Tom Vilsack to deliver lecture on agriculture and climate change

Madeline Mcgarry

Former governor of Iowa Tom Vilsack is returning home to deliver a presentation in the nation’s second largest agricultural producing state.

At 7 p.m. Thursday in the Great Hall of the Memorial Union, Vilsack will present “Agriculture and Climate Change” as part of Iowa State’s national lecture series, “When American Values Are in Conflict.”

Vilsack is no stranger to the world of agriculture. He served as governor of the state of Iowa from 1999 to 2007, and in 2009 he became the Secretary of Agriculture under President Obama, making him the longest serving cabinet member of the president’s administration.

In January 2017, Vilsack resigned from his secretarial post to pursue a career with the U.S. Dairy Export Council. He currently serves as the organization’s president and CEO, and he was drawn to the industry’s inclusive and family-oriented nature.  

“The U.S. dairy industry is one in which the smallest producer who might have as few as 20, or 30 or 40 cows, can still be at the table making decisions for the industry with the largest producer,” Vilsack said.

Combined with Iowa being held as the twelfth largest dairy producing state in the nation, Vilsack’s experience in the dairy industry has allowed him exposure to the conversation related to agricultural production and climate change.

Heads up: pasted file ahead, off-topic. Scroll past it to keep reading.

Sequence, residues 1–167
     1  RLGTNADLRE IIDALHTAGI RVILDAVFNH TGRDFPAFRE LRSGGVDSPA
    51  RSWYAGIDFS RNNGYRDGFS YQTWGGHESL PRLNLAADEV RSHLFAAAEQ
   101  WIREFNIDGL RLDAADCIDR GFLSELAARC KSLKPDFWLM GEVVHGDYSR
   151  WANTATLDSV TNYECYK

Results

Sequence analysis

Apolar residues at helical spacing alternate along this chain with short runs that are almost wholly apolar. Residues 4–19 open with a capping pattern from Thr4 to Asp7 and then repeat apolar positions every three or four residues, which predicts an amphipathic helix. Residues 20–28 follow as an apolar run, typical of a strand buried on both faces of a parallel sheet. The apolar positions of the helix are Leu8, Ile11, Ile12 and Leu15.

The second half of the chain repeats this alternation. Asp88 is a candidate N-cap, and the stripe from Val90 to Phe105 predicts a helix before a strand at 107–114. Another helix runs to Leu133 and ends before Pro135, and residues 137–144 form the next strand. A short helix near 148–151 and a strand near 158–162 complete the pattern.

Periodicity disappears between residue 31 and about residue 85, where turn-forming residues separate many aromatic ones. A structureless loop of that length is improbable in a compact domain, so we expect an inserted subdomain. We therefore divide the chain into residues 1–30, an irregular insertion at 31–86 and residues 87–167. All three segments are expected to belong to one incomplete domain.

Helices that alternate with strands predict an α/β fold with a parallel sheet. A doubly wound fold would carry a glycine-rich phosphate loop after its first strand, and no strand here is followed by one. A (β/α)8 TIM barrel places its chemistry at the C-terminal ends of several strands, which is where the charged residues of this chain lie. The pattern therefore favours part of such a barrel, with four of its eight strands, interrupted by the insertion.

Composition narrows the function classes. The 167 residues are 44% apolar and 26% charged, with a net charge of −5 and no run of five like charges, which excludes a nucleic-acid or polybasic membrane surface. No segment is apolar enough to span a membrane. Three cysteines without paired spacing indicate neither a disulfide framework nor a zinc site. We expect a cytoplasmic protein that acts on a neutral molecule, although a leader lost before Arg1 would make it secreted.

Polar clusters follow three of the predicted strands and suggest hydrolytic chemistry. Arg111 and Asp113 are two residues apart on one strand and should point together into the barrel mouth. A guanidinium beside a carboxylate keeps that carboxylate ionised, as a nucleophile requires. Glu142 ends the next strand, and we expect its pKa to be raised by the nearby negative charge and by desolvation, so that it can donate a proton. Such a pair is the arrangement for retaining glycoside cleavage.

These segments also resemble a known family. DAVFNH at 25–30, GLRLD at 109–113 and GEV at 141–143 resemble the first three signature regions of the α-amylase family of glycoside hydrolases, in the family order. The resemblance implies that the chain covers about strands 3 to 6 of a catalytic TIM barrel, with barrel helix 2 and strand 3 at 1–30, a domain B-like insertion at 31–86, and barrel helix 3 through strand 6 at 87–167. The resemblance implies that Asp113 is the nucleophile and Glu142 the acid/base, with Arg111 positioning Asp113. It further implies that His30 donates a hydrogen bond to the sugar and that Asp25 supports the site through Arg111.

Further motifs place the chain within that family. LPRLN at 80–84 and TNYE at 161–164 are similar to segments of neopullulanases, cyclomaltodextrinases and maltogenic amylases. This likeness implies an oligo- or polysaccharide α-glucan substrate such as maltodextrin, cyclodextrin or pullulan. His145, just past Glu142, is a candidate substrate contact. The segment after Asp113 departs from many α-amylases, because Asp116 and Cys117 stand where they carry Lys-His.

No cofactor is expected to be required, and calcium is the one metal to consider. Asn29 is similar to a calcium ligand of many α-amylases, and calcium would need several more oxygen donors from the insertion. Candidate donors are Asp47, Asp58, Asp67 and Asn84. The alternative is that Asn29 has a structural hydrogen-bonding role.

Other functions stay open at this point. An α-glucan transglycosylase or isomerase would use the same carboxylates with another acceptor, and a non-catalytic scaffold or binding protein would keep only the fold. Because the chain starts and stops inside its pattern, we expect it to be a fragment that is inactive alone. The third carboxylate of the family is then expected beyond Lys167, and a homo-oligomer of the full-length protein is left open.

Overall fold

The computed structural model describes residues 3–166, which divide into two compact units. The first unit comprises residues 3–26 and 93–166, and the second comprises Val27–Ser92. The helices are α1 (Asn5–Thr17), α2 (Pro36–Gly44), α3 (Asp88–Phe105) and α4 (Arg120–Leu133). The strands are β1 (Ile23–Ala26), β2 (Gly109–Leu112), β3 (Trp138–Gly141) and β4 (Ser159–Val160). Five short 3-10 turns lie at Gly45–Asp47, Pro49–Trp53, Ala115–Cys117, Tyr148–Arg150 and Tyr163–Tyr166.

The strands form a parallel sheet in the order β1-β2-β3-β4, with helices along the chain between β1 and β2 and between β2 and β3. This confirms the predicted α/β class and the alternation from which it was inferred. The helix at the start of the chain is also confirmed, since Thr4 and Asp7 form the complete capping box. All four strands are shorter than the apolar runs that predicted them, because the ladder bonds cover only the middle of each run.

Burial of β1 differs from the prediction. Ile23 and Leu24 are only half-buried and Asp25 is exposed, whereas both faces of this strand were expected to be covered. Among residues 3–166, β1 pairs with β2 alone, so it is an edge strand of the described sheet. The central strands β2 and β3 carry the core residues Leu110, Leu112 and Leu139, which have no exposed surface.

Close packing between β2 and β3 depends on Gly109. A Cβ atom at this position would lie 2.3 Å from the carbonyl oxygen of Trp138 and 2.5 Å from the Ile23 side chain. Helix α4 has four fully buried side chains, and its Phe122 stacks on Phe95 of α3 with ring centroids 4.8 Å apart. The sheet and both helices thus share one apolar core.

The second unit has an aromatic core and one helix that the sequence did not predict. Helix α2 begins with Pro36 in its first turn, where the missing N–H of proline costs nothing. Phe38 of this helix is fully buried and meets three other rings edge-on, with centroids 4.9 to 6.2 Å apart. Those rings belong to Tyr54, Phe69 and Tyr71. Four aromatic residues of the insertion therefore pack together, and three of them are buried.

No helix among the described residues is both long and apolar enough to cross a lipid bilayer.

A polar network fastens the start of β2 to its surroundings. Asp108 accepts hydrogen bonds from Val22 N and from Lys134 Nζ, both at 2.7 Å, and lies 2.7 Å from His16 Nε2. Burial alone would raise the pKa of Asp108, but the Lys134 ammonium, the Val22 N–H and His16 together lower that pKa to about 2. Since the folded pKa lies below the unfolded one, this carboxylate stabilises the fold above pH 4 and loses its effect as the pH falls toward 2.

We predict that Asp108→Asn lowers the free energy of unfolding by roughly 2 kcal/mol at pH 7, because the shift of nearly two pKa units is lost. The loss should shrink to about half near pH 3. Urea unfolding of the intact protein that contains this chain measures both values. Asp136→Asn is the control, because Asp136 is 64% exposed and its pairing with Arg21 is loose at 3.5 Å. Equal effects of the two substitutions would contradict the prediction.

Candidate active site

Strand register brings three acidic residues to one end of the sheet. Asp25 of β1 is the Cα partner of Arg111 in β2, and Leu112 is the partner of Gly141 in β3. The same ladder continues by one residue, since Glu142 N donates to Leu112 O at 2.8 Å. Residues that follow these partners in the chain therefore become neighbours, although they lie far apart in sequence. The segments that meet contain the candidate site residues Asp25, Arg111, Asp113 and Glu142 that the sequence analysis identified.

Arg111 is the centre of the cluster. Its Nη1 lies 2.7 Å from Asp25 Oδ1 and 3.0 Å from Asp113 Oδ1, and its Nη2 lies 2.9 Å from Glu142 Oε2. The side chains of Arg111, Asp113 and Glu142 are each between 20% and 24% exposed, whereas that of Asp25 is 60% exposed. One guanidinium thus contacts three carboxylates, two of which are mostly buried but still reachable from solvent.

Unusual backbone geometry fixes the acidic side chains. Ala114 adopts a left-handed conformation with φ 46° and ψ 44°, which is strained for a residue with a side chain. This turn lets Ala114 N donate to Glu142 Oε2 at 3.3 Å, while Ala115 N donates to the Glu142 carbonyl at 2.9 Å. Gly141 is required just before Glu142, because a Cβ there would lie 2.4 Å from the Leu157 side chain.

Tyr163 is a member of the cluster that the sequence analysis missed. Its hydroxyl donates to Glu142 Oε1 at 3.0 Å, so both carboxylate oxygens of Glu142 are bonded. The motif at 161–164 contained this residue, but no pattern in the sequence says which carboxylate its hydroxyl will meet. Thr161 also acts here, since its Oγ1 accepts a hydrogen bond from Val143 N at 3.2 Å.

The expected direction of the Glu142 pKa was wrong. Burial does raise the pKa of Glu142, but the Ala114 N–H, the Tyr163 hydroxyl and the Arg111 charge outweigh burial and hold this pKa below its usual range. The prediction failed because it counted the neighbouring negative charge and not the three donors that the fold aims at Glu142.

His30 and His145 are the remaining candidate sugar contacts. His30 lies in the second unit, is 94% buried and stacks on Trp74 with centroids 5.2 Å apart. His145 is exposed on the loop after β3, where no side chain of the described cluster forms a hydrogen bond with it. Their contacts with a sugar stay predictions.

“The dairy industry is very aggressive and very progressive when it comes to the issues involving climate,” Vilsack said.

Changes in rainfall, humidity and temperature are the factors that predominantly characterize climate change. In the past six decades, Iowa has seen a 31 percent increase in the frequency and overall intensity of heavy rainfall events. In addition to the effects of excess water intake, crops can become compromised by pronounced soil erosion.

On the flip side, statistics aggregated by the USDA have shown that U.S. agricultural production itself contributes 10 percent of the nation’s greenhouse gas emissions. Complementary to these findings, Vilsack believes agriculture plays a dual role in the evolution of climate change, serving as both a contributor and subject of the fluctuating environment.

“I think agriculture has a role to play in addressing issues involving climate, and agriculture is impacted very significantly by the changing patterns in weather, so it is a good topic for people in Iowa to hear about,” Vilsack said.

Of the 66 percent of corn-belt farmers who believe climate change is occurring, most are concerned about seeing an increase in drought conditions, heat stress on crops and heavy rainfall events.

The former head of the USDA hopes to highlight both the domestic and international impact of climate change on accessibility, humanitarian issues, political stability and the economy.

“Changing climate can impact and affect places that are critical to the overall production of basic food items,” Vilsack said.

The lecture is co-sponsored by the Environmental Law & Policy Center, the Iowa Environmental Council and the Committee on Lectures funded by Student Government, among other organizations.